This authorization was based on a series of controversial legal memos authored by the Office of Legal Counsel that sought to define torture far more narrowly than before. These authorizations were highly controversial, particularly in the wake of the Abu Ghraib torture and prisoner abuse scandal. Various revisions of the extended techniques were issued. Rumsfeld intended the extended techniques to be used only on the captives the United States classified as " illegal combatants ".
|Published (Last):||6 September 2014|
|PDF File Size:||10.51 Mb|
|ePub File Size:||5.82 Mb|
|Price:||Free* [*Free Regsitration Required]|
Edit Release of the replacement manual in During the American war on terror the Secretary of Defense Donald Rumsfeld issued " enhanced interrogation techniques " that went farther than those authorized in the Army Field Manual. Various revisions of the extended techniques were issued. Rumsfeld intended the extended techniques to be used only on the captives the United States classified as " illegal combatants.
General Geoffrey Miller , who was then the director of interrogation of detainees held in Guantanamo Bay , and some of his staff were sent to Iraq to help transfer their interrogation experience. Military Intelligence troops had been using extended techniques in Afghanistan, notably Captain Carolyn Wood. On October 20, Vice President Dick Cheney met with McCain to try to convince him to agree that his amendment should only apply to military interrogators. Cheney wanted to continue to allow civilian interrogators, working for US intelligence agencies, to use more extended interrogation techniques.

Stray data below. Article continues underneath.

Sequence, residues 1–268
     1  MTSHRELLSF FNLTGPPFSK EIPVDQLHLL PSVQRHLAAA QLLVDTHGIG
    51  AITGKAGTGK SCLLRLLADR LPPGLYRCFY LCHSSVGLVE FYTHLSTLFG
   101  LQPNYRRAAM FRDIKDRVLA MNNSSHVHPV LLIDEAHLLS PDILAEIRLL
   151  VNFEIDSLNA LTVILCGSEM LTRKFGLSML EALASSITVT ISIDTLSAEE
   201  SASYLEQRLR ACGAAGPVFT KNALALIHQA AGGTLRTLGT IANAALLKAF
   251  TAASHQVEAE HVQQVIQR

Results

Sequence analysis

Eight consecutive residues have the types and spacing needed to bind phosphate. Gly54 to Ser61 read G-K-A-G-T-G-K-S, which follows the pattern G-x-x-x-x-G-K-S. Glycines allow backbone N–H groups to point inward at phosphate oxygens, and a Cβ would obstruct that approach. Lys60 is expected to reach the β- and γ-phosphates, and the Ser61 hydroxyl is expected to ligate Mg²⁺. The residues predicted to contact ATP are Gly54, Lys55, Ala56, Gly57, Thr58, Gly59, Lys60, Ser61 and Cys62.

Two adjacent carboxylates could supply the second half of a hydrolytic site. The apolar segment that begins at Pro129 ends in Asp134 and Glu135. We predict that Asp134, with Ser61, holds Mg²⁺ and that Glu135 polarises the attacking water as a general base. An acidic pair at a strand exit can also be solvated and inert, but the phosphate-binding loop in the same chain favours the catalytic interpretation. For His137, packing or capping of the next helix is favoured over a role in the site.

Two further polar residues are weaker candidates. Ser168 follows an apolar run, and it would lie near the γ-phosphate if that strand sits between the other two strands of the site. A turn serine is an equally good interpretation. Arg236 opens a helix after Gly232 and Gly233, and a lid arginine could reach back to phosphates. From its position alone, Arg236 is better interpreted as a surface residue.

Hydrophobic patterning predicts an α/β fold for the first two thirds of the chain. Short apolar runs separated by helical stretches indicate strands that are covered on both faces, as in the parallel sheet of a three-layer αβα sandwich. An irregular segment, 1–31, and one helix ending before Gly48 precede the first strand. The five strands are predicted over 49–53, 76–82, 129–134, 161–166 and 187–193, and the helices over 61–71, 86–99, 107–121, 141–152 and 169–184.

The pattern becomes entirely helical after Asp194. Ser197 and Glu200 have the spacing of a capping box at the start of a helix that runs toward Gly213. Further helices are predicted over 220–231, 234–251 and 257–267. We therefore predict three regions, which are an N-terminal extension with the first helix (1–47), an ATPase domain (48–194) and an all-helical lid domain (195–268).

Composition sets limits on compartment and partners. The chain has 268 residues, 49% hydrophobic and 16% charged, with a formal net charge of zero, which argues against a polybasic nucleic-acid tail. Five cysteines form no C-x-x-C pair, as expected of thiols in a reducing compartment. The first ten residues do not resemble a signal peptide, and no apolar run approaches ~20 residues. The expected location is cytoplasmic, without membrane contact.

McCain did not agree. Plans to revise the manual to allow extended techniques Edit On April 28, Defense Secretary Rumsfeld announced that the Army would be revising the manual. The revised manual would have spelled out more clearly which interrogation techniques were prohibited. But the new edition includes 10 classified pages in the interrogation technique section, leaving the public no indication about what the government considers not to be torture.
In there was an ongoing debate over whether the interrogation section should be classified. The New York Times reported that the Pentagon was considering making the interrogation section public once again, but the Pentagon made no formal announcement of its intentions. On September 6, , the U. Army announced the publication of Field Manual FM The new manual specifically prohibits many of the controversial enhanced interrogation techniques including " waterboarding " which brought the matter to public attention, and also stipulates that the list is not all-inclusive of prohibited actions.
FM 34-52 Intelligence Interrogation